“The uniqueness of this place is it’s always been a church for healing. It has an amazing ministry of healings, through the shrine, through Our Lady of Perpetual Help,” Father Tizio said.

Parish secretary Rose Cotrone and her family have a long history in the parish. Her great-aunt was baptized there in 1895, and her mother worked there cleaning the church. Cotrone attended the parish grammar school and high school and has worked in the parish office for the past 35 years.

Some people are drawn into the basilica just to look at the architecture, wondering what could be inside the impressive building with twin spires. Cotrone said they might stay to hear one of the priests preaching and end up praying before the icon, lighting a candle, and asking for the Mass schedule.

Because they are located so close to Boston’s hospitals, many people come while visiting sick friends or relatives. Cotrone said the church has “a calming effect” on visitors.

“It’s an amazing thing, when you watch people come in, and they’re all upset, and then they go up to the shrine, kneel and say some prayers, and they come out, and they feel 100 percent better,” she said.

During the coronavirus pandemic, the basilica live-streamed Masses in English, Spanish, and Creole. They also held a special Mass for healing every Wednesday in front of the image of Our Lady of Perpetual Help, giving people a chance to look upon the image despite not being able to worship there in person.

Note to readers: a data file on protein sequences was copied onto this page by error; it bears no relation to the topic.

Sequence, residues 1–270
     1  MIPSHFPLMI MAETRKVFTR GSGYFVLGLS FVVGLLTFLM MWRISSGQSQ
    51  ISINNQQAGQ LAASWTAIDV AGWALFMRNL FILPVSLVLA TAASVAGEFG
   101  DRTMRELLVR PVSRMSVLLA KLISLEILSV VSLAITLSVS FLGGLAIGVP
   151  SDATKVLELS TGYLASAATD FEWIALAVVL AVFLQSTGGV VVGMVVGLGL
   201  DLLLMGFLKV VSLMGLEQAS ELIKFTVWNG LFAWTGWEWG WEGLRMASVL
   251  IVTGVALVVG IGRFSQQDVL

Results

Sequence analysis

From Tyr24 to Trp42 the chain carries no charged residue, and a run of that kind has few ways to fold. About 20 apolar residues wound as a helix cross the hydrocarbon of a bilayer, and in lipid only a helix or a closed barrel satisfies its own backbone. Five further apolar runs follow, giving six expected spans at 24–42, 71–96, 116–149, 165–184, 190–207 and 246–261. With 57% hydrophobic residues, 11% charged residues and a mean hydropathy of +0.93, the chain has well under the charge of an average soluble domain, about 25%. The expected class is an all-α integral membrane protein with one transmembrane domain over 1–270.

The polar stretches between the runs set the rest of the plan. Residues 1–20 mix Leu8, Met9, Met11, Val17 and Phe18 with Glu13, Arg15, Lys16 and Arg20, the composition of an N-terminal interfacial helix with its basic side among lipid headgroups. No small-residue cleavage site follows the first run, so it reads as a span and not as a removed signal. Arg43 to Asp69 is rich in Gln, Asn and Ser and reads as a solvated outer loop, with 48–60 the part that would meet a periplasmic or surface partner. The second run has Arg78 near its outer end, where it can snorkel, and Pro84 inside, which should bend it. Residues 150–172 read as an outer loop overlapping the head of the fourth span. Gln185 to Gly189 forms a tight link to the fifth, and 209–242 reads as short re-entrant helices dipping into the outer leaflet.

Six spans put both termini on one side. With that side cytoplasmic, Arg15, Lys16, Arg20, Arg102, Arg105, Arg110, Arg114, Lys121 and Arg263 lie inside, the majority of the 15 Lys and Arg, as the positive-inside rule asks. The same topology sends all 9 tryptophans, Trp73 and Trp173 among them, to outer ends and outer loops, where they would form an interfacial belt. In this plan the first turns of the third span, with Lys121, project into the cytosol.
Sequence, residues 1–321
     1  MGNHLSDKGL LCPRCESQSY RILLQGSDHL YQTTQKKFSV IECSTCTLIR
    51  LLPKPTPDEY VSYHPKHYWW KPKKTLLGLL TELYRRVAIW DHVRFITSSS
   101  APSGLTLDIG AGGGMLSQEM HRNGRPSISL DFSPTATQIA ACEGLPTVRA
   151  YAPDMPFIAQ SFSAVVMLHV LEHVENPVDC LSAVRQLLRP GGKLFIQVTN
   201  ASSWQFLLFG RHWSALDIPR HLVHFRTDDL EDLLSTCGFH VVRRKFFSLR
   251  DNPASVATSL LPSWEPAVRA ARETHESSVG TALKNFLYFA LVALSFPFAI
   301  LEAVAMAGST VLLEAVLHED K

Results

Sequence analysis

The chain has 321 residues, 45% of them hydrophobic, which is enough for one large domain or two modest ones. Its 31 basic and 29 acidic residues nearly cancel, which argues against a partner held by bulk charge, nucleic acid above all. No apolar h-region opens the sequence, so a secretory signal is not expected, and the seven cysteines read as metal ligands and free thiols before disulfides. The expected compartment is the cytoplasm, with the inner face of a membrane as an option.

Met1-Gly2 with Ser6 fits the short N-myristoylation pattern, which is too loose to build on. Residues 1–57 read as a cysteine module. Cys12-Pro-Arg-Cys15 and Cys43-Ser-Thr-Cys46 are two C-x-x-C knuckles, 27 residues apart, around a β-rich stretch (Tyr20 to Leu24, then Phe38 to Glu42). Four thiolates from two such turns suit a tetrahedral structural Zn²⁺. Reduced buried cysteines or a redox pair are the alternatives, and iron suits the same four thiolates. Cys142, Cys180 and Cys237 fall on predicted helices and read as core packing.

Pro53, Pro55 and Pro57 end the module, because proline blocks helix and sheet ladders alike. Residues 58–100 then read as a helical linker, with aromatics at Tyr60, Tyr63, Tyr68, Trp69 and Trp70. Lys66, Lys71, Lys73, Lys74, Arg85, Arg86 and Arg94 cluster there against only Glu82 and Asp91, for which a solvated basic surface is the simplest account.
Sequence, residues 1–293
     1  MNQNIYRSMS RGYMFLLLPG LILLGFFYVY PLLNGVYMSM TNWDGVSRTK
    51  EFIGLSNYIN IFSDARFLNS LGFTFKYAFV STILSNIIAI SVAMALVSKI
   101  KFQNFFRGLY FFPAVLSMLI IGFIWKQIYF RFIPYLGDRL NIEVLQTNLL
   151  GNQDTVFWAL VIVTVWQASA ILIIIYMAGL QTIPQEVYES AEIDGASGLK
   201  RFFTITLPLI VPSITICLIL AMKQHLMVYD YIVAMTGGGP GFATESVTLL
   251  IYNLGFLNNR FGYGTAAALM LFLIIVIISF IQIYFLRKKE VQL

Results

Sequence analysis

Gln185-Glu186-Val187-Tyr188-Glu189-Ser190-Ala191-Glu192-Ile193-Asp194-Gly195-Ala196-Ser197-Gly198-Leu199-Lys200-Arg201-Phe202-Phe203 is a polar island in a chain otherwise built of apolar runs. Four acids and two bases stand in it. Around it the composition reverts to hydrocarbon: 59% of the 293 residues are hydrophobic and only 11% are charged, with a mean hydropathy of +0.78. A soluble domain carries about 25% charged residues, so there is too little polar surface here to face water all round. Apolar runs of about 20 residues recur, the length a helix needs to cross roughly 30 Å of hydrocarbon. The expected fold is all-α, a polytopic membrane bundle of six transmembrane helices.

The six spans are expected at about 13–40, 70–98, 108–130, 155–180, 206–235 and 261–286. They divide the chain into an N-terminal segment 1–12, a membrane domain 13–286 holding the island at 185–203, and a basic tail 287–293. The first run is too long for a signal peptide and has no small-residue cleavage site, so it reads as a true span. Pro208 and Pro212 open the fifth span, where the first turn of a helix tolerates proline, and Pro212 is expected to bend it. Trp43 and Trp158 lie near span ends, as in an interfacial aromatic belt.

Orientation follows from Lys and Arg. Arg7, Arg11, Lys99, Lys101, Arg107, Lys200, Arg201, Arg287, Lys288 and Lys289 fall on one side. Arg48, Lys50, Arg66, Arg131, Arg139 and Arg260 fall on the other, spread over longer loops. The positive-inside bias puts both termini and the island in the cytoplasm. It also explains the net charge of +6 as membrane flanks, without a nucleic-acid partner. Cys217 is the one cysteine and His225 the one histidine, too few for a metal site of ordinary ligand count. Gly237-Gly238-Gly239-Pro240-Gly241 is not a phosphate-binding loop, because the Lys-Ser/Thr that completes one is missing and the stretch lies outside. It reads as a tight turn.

The basilica was also kept open each day for private prayer, largely for those with loved ones in the nearby hospitals.

“People love to come here when they’re in distress. When there’s a loved one who’s in really serious condition, this is a place they like to come for prayer and for peace. So during the pandemic, we especially kept it open for them,” she said.

Cotrone said that although some of the elderly still have not returned to Mass, they continue to send church envelopes and ask for Mass cards. She said that even people who have not lived in the parish for years still donate and plan to be buried there.

The parish has had two schools associated with it in its history. Mission Grammar School opened in 1889 and remains in operation. Mission Church High School operated from 1926 to 1992, when it was sold to the Boston Public School System and renamed New Mission High. Many hospital employees send their children to the grammar school or the parish’s religious education program.

One aspect of the basilica’s history being revived for the anniversary is a Passion play, “Pilate’s Daughter,” written by Redemptorist Father Francis Kenzel. The parish first produced this all-women play in 1902, and it eventually had a run on Broadway, according to the basilica website. It was last performed in the parish over 50 years ago. In honor of the basilica’s 150th anniversary, they have commissioned composer Felicia Sandler and playwright David Mulei to adapt the script to an oratorio titled “The Mystic Rose.” Excerpts of the music will be used in the anniversary Mass.

More information about the Basilica of Our Lady of Perpetual Help is available at  www.bostonsbasilica.com